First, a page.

Guest Post: Peter Greagg visits the Australian War Memorial


Military minded Cats may be interested to hear I was at the War Memorial the other day in Canberra.

A volunteer guide told me that an aboriginal man couldn’t enlist in the AIF in 1914 because of his ‘race’.

I told him that I thought that was unlikely. I noted that aboriginal men (and women) were eligible to vote in 1901 if they had been able to vote in State elections previously. And so I thought as they could vote in Federal Elections, they were likely to be able to enlist.

I was directed to this resource:

“Quandamooka/Noonuccal man Richard Martin enlisted in the Australian Imperial Force (AIF) on 17 December 1914. As Aboriginal people were prevented from enlisting, he declared that he was a New Zealander with five years’ service in the Light Horse. In fact, he had been born on Stradbroke Island in Queensland and had no known previous service.”

Does anyone have any thoughts?


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Peter Greagg
Peter Greagg
June 22, 2024 3:32 pm

Thanks Dover.

Peter Greagg
Peter Greagg
June 22, 2024 3:33 pm

BTW Dover, I see I am still automatically sent to Moderation.

thefrollickingmole
thefrollickingmole
June 22, 2024 3:43 pm

Seems to go against a few sources, including war grave and the AWM

https://www.awm.gov.au/about/our-work/projects/indigenous-service

It also seems to be a misreading of the actual statute.

https://www.slq.qld.gov.au/blog/ww1-indigenous-roll-honour

Theres a scan at that site, it says “at peace” they are exempted from training/service.

Filbert
Filbert
June 22, 2024 3:44 pm

Peter, Mater did a series of Mater’s Musings posts dealing with myths such as these.
I quote “Firstly, let’s dispense with the fallacy that Aboriginals were prevented from enlisting in WW1 and onwards. “Exempt” from compulsory training and service is not the same as “prevented”. I’ve already dealt with this myth here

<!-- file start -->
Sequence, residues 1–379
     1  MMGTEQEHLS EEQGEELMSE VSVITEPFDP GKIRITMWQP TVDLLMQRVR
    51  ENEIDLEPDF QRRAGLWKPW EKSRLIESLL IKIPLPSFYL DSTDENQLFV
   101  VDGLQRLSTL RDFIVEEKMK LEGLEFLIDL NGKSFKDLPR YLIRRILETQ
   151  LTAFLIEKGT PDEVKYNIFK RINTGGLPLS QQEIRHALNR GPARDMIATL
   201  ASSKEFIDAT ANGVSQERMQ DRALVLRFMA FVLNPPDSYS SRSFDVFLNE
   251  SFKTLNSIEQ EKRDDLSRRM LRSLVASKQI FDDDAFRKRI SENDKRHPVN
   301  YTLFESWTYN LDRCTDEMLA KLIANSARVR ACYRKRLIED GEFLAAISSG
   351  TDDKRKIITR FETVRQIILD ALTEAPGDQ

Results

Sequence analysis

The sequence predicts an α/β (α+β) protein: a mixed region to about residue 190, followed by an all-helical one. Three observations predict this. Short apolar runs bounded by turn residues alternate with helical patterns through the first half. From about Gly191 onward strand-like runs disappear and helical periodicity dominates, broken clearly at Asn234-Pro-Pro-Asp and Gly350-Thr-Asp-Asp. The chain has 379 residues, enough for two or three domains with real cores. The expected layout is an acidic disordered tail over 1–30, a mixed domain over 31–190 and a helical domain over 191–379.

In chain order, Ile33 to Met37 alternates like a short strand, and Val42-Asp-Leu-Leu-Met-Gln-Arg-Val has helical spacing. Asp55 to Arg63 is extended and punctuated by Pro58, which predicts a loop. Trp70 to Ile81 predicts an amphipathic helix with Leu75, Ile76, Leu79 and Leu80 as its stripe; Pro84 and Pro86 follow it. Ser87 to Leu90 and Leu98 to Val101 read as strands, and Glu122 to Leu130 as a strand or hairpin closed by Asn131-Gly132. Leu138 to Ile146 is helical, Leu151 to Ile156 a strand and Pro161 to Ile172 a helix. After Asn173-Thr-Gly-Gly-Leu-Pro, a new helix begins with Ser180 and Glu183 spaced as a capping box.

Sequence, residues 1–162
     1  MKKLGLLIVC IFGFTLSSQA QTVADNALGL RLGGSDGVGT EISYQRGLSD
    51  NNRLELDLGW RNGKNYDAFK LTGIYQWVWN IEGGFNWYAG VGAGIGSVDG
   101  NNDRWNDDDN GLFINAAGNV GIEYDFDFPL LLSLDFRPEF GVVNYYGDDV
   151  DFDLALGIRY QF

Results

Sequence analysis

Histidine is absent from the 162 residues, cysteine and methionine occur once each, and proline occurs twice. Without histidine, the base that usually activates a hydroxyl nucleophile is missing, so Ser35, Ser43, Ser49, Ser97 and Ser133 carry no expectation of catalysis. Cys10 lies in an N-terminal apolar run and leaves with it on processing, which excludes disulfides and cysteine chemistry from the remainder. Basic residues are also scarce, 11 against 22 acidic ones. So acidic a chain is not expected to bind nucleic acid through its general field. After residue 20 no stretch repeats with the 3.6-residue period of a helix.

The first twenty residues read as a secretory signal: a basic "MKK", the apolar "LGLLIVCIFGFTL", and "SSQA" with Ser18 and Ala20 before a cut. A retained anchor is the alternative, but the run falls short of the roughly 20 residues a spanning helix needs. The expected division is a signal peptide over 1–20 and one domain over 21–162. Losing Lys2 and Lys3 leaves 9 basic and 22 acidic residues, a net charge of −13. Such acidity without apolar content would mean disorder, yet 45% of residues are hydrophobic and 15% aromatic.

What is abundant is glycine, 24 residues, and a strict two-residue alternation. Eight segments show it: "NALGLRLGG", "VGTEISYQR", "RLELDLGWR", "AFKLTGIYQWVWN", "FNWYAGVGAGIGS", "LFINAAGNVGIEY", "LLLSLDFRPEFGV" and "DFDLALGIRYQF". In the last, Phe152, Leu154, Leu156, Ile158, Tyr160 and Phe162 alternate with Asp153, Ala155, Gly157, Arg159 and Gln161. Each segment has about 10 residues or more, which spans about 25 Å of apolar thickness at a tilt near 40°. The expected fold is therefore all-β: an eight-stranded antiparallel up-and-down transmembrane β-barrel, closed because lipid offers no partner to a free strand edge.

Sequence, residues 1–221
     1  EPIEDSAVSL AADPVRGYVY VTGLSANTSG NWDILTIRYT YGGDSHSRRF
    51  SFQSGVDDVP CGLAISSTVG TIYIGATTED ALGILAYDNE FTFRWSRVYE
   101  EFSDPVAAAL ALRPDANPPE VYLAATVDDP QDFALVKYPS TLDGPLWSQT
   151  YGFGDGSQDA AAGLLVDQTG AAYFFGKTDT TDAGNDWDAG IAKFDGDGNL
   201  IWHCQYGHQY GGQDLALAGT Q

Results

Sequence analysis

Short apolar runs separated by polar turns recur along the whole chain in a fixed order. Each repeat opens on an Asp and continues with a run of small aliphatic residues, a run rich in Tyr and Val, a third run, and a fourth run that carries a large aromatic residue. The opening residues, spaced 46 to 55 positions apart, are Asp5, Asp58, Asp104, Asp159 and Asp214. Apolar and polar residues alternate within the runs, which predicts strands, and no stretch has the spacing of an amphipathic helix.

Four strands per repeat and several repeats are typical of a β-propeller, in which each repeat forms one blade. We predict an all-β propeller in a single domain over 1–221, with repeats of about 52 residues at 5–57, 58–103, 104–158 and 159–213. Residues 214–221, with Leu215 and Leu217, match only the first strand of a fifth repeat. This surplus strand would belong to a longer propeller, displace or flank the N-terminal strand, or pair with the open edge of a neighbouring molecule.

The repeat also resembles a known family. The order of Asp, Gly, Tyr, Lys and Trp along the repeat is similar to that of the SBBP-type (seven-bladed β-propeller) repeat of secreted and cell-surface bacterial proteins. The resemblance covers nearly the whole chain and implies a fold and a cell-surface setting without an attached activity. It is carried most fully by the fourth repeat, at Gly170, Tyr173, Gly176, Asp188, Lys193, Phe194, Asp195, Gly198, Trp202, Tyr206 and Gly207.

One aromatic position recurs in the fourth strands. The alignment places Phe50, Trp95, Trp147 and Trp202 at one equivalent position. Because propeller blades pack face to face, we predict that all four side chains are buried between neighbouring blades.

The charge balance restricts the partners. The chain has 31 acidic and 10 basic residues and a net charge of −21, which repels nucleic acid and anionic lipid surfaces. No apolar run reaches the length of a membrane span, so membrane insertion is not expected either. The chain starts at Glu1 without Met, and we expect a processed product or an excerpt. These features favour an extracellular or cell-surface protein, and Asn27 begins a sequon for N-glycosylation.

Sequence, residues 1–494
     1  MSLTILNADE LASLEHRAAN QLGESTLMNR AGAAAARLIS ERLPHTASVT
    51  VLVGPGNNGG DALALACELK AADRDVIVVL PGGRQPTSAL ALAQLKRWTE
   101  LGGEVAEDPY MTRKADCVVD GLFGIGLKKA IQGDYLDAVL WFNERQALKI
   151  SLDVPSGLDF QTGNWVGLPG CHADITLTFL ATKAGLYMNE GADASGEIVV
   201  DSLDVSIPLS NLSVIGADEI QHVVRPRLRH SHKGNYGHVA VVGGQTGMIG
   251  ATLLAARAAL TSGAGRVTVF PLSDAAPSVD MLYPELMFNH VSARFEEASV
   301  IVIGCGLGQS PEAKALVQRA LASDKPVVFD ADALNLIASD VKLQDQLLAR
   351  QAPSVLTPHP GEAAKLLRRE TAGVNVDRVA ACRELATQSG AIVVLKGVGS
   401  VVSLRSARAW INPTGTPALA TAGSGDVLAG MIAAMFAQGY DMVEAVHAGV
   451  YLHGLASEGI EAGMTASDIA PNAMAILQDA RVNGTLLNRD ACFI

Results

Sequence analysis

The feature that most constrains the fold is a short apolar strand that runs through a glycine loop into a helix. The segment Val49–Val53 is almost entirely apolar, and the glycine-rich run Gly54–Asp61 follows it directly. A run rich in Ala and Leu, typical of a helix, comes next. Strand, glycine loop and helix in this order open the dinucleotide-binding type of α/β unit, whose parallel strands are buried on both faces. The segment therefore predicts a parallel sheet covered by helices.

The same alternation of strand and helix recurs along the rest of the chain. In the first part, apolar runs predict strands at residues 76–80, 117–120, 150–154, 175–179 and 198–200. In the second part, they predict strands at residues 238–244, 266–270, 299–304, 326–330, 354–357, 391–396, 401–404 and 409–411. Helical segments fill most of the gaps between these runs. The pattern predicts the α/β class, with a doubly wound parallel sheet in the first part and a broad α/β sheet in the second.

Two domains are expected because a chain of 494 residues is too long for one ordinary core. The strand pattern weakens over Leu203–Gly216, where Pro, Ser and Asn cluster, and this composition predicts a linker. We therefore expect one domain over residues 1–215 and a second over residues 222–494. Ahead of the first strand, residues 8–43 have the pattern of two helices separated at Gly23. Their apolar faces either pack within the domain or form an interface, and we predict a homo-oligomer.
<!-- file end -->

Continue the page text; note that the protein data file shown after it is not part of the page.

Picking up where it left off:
And here
God bless Mater for his dogged pursuit of truth (and that disgraceful liar Numbers)

Last edited 1 month ago by Filbert
Muddy
Muddy
June 22, 2024 6:01 pm

I might note that Peter’s interest in military history extends to research on my behalf at the AWM’s Research Centre this coming Monday afternoon, albeit not into the topic of this guest post.

Mater
June 22, 2024 8:22 pm

A Great example of this myth is William Punch.

Ironically, the AWM know all about him:

https://www.awm.gov.au/learn/schools/resources/anzac-diversity/aboriginal-anzacs/william-punch

In typical fashion they point out that “His enlistment application listed “labourer” as his occupation and his skin colour was identified as “black””.

What they fail mention is that on his enlistment form, where it asks if he is a “natural born British Citizen or a Naturalised British Subject” the document reads “Aboriginal”. Not much room for doubt!

https://recordsearch.naa.gov.au/SearchNRetrieve/Interface/ViewImage.aspx?B=4817830

This is significant because they typically explain away the obvious presence of Aboriginals in the 1st AIF by saying they claimed to be another ethnicities on enlightenment or ‘had a lenient Enlisting Officer who looked the other way, and ignored the obvious”.